Bring Back F.A.C.T.


Michael Lynch

Assistant Opinions Editor


The Facility for Animal Care and Treatment, FACT, was once a program on campus that assisted with rehabilitating injured birds. Due to budget shortfalls, it closed in the fall of 2014.

Because of the educational and environmental benefits, we should bring back FACT as an operational program at CSU Bakersfield.

FACT was located behind parking lot I near what is now the Edible Garden and cactus garden. It remained operational for almost 40 years, sustained by fundraising and good samaritans bringing in orphaned and injured birds.

Raymond Carag-Chiu, a senior chemistry major, said it would be beneficial to care for injured birds.

“The ability to care for birds [so] everyone on campus can interact with would be great.”

FACT provided care for approximately 200 birds annually. About half of the birds were successfully rehabilitated and released into the wild.

According to Dr. David Germano, professor of biology and the former director of FACT, the funding structure changed.

“Up until five years ago…it was the responsibility of the provost. Then that changed, and it [the funding] came out of the department’s teaching funds,” Germano said. “The biggest advantage was we were able to give some of our students who were interested in that some real world experience. It was a teaching experience that was good for our students.”

Germano said FACT will not return.

“The facility is gone. Almost all of the cages are gone. There is no way to reconstitute it at this point.” Germano said.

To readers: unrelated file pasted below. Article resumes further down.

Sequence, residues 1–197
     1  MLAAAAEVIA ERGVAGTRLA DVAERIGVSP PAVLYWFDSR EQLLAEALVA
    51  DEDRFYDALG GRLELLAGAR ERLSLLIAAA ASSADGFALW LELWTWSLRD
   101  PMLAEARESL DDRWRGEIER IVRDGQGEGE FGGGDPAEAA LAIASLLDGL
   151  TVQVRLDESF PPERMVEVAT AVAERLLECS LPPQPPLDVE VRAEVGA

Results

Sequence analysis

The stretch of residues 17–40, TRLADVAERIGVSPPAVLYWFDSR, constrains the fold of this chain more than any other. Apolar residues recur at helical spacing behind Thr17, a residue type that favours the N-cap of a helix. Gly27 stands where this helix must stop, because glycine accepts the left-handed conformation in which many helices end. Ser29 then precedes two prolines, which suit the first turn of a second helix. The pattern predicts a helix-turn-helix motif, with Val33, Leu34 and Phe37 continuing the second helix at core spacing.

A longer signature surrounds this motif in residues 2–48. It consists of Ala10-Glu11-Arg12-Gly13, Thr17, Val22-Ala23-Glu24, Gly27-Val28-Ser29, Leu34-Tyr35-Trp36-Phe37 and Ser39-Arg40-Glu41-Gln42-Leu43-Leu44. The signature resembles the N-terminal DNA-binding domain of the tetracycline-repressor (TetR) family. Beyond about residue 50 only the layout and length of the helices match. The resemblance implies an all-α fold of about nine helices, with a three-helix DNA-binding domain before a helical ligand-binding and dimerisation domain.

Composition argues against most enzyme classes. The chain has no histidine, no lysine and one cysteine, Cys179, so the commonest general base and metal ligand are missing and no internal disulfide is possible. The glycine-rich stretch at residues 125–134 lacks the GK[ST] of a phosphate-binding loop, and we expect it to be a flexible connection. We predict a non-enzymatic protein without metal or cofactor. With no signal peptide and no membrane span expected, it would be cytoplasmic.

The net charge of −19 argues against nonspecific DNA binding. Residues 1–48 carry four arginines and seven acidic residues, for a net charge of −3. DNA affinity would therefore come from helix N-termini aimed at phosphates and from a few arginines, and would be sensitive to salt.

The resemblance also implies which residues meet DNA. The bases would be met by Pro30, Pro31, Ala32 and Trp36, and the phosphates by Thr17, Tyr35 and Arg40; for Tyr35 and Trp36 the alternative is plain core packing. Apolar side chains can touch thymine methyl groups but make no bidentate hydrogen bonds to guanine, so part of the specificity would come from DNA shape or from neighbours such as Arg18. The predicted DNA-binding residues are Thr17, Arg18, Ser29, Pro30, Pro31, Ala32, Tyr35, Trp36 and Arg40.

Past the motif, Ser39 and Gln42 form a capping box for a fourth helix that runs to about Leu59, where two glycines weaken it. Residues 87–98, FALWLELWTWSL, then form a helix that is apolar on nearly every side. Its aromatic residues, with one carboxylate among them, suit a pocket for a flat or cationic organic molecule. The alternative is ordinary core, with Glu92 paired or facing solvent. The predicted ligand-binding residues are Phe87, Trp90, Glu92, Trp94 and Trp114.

The facilities used to be a well maintained, welcoming bird habitat. Today, what remains are dilapidated facilities, overgrown by vegetation. Rotten wood, chipped paint, and abandoned structures are what remain of the once-bustling bird habitat.

Animal rehabilitation centers benefit the environment by saving animals that would otherwise die. After FACT closed, the California Living Museum, CALM, as well as other animal rescue centers, picked up the slack.

School children throughout Kern County would visit FACT every year on field trips. In doing so, the environmental benefits were twofold: saving birds and providing environmental education.

Harman Cheema, a computer science major, supported bringing an animal treatment facility on campus.

Cheema said, “Funding should be from outside sources, not students.”

In the status quo, if you find an injured or abandoned bird, you have two options. You can take the bird to CALM, Critter Creek Wildlife Station, located in Squaw Valley.

As we grow as a community and a university, we need to prioritize protecting our native habitats. Bird conservation is crucial to helping Kern County’s ecosystems and its native environment. The cost of restarting a bird conservation program are worth the educational and environmental benefits.

Kern County needs more wildlife treatment facilities. By providing that once more at CSUB, we can make an impact while enhancing community education and engagement. Kern county animals deserve better.

As CSUB continues to grow, we ought to provide ecological education and service to our community.

In the years to come, we should allocate time and resources to bird rehabilitation and animal treatment.